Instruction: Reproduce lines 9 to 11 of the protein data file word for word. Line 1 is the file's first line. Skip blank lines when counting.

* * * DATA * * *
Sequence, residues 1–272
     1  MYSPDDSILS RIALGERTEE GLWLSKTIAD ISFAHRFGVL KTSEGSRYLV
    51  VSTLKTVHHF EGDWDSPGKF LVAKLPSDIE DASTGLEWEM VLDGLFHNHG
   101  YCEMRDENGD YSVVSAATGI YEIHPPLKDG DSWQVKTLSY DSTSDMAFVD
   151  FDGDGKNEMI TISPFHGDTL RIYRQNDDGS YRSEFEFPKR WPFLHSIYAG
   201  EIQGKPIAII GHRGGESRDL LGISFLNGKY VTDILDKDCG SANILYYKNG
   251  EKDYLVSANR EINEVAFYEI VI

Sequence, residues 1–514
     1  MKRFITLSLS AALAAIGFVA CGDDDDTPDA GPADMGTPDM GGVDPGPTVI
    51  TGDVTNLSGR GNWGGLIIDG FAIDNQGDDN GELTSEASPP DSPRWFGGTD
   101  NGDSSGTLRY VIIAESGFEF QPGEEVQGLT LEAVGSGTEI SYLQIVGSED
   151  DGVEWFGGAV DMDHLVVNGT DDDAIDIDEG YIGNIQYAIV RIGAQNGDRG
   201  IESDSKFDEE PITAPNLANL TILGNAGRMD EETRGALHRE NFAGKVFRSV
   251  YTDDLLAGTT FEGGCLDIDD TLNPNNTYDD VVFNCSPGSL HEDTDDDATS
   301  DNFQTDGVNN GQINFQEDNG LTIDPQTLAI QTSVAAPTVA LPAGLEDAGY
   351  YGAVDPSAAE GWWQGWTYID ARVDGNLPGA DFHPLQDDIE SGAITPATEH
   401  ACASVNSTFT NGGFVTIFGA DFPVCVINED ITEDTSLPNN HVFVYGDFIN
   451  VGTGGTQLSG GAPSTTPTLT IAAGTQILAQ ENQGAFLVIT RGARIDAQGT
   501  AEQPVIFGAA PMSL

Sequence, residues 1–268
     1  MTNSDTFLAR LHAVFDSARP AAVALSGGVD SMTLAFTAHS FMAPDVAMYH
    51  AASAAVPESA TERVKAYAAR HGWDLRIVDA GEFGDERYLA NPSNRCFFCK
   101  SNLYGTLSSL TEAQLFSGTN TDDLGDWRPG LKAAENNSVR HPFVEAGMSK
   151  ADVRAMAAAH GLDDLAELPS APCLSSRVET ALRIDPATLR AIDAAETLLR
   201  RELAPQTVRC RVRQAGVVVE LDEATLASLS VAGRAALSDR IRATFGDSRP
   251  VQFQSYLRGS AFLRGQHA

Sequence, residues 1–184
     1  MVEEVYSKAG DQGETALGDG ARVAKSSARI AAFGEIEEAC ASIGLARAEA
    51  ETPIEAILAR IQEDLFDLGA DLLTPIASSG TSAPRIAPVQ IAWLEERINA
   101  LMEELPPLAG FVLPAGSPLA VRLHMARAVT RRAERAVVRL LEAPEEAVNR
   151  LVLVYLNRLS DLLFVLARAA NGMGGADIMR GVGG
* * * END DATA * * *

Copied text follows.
     1  MKRFITLSLS AALAAIGFVA CGDDDDTPDA GPADMGTPDM GGVDPGPTVI
    51  TGDVTNLSGR GNWGGLIIDG FAIDNQGDDN GELTSEASPP DSPRWFGGTD
   101  NGDSSGTLRY VIIAESGFEF QPGEEVQGLT LEAVGSGTEI SYLQIVGSED